Ever since the Susan G. Komen Foundation handed out pink ribbons to
participants during its New York City race for breast cancer survivors
in 1991, the pink ribbon has come to be accepted as a symbol of support
for breast cancer awareness.
As this breast cancer awareness month of October comes to an end, and
as many join the awareness campaign by wearing the pink ribbon, it would
help a great deal if people are encouraged to take the exercise of
personal breast examination seriously, and to take further steps that
would guarantee easy access to routine breast screenings.
Have you ever wondered why a whole month is dedicated to the cause of
creating awareness for breast cancer? It’s simple – breast cancer is the
most commonly diagnosed cancer in women and is the second leading cause
of cancer death among the female folk. While breasts are an essential
and amazing part of the human body, breast cancer is their deadliest
enemy. As such, your breasts should be protected and taken care of.
Aside from routine personal examination, a solid health insurance cover
will go a long way to ensure that, in the event of breast cancer
detection, you won’t have to worry about the cost of adequate
It is disturbing that majority of Nigerians mostly ignore changes they
notice around their breasts. Indeed, it is this tendency that is
responsible for the preponderance of late diagnosis, a major setback in
the fight against breast cancer in Nigeria. For reasons bordering on
limited resources and negligence, most Nigerians show up at the hospital
when the cancer is already widespread and medical attention cannot
adequately salvage the situation. However, with a health plan that
facilitates routine breast screenings, early detection and effective
treatment would be possible.
What is breast cancer? Breast cancer starts when cells in the
breast begin to grow out of control, eventually forming a tumor that
can often be seen on an x-ray or felt as a lump. There are a number of
things that are perceived to increase the risk of breast cancer. But,
having one or more of the risk factors does not mean that an individual
will definitely get breast cancer, as more research is still needed to
prove the authenticity of these risk factors. What it means, however, is
that the person should be aware, and should take sufficient care.
What are the perceived risk factors? The perceived risk factors
include having uneven breasts, injury to the breast, under wired bras,
antibiotics use, pesticides, abortion and stress. Nevertheless, as
pointed out here, all these risk factors have not been fully proven to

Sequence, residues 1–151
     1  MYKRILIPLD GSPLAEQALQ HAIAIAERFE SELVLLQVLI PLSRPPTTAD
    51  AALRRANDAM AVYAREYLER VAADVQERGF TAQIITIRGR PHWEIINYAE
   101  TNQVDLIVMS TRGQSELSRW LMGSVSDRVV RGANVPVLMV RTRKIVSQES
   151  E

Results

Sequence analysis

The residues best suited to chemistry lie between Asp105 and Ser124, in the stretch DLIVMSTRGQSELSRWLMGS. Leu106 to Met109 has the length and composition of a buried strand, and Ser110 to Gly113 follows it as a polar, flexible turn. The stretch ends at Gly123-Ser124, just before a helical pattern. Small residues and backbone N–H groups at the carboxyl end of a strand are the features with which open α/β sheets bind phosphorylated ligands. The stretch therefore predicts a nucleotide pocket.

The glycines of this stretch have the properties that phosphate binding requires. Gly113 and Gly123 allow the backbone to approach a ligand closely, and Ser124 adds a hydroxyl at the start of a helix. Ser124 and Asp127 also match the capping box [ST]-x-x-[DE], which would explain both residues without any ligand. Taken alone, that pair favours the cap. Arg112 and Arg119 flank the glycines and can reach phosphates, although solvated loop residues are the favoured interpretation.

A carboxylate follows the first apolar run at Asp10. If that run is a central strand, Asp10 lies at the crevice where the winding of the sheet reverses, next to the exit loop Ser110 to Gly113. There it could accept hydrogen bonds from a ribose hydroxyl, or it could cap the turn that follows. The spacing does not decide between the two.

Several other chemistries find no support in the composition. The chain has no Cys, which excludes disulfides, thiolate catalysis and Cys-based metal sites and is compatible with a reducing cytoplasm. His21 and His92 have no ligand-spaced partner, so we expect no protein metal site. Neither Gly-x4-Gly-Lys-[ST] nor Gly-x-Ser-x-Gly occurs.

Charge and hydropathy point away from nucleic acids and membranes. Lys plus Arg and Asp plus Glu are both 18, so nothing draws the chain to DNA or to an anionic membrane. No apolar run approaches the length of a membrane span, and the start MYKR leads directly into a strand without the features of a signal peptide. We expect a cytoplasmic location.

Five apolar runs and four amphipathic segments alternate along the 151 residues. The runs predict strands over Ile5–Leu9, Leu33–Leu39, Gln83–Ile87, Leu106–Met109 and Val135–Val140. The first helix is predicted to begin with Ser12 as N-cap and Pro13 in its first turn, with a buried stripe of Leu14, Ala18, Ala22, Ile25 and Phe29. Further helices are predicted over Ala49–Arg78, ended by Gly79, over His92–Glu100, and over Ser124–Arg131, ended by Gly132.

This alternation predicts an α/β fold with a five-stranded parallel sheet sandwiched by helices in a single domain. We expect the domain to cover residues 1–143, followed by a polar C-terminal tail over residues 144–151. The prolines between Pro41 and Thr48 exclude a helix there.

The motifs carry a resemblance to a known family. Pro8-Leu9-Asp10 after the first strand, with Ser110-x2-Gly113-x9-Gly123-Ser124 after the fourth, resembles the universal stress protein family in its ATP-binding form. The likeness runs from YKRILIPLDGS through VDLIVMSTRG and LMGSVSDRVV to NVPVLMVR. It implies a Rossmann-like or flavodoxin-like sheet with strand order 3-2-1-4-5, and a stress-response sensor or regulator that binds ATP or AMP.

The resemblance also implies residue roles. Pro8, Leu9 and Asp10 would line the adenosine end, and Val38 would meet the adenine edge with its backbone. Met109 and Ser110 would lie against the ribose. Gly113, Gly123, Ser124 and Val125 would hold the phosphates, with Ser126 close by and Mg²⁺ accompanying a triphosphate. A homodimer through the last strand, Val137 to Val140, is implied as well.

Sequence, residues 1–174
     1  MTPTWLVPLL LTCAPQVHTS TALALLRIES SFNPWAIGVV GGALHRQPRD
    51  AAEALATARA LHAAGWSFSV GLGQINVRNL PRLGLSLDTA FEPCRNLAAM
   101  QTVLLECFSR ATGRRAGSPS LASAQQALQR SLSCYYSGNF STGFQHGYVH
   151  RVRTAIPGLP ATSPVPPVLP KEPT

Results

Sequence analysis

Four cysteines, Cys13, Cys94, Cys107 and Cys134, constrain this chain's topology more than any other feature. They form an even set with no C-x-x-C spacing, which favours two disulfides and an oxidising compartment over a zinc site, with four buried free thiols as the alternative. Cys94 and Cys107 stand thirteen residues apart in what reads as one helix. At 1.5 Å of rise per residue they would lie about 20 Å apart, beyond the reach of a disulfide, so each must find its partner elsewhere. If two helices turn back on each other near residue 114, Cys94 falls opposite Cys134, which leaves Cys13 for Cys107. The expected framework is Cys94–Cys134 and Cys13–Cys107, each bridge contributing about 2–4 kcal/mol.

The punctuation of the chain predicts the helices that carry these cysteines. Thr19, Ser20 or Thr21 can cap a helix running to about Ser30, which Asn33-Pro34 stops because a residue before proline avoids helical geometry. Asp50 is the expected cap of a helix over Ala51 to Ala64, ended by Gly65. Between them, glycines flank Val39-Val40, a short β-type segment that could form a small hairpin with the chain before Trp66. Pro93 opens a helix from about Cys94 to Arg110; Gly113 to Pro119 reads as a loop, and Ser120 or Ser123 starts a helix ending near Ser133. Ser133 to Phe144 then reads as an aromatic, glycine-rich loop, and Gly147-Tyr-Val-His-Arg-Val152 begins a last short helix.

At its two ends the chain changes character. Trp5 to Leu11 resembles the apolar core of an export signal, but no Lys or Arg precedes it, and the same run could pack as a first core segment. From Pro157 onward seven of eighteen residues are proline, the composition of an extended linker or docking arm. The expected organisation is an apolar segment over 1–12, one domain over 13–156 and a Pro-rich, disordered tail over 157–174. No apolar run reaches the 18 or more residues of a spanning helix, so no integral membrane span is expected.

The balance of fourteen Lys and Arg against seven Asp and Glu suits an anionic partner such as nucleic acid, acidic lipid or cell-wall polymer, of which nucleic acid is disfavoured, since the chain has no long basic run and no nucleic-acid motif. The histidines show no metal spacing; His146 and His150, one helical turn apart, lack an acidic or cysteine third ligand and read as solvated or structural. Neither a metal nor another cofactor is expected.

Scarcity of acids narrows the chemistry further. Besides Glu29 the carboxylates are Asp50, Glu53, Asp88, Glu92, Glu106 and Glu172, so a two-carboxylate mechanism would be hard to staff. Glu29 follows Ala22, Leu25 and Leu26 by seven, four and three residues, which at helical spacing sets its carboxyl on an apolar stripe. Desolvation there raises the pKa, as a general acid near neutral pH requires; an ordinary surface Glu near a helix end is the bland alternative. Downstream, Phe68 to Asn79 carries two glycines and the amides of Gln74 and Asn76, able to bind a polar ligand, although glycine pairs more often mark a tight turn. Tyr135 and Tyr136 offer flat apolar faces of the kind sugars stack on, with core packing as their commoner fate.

cause breast cancer. For instance, for most women, it is normal to have
slightly uneven or asymmetrical breasts. Then, generally, doctors don’t
believe that an injury to the breast can lead to cancer. There is also
no scientific evidence to prove that under wired bras cause breast
cancer since constriction or applying pressure to an area of the body
does not make normal cells become cancerous. On the part of antibiotic
use, studies looking at whether antibiotic use could increase the risk
of breast cancer have shown conflicting results.
It is interesting to note that, though most studies found that
pesticides don’t increase cancer risk, an American report in 2008
confirmed that exposure to dichlorodiphenyltrichloroethane, DDT early in
life may increase breast cancer risk. The good news, however, is that
DDT is no longer used today. Again, though researchers thought abortion
might increase the risk of cancer because of the effect of pregnancy on
breast cells, it doesn’t seem this is so; and, although stress can
occasion physical health problems, no definite link has been found
between stress and breast cancer.
Breast Cancer in Men: Though the men do not develop
milk-producing breasts, a man’s breast cells and tissue can still
develop cancer. However, cases of male breast cancer are very rare. In
fact, available data show that less than one percent of all breast
cancer cases occur in men, and only one in a thousand men will ever be
diagnosed with breast cancer.
What does it mean to be breast aware? This simply means that you
should know how your breasts normally look and feel at different times
of the month. If you notice a change in size, feel or shape that isn’t
normal for you, seek medical attention. This you can achieve by
routinely examining your breasts. However, for the women, you don’t need
to do this every day or even every week, as long as you know how your
breasts normally feel, and how that changes with your periods.
What can you do to reduce the risk of breast cancer? Though many
of the risk factors are perceived and have not really been proven, you
can at least play your part. Studies suggest that maintaining a healthy
weight, being physically active, and limiting your alcohol intake could
help. There is also the school of thought that posits that getting your
breasts regularly massaged may help prevent cancer by stimulating normal
cell growth and reproduction.
Finally, do not forget that early detection through regular screening
would heighten the probability of successful treatment. To be on the
safe side, a good health plan that can facilitate routine
age-appropriate and specific breast screening should be an integral part
of your health care.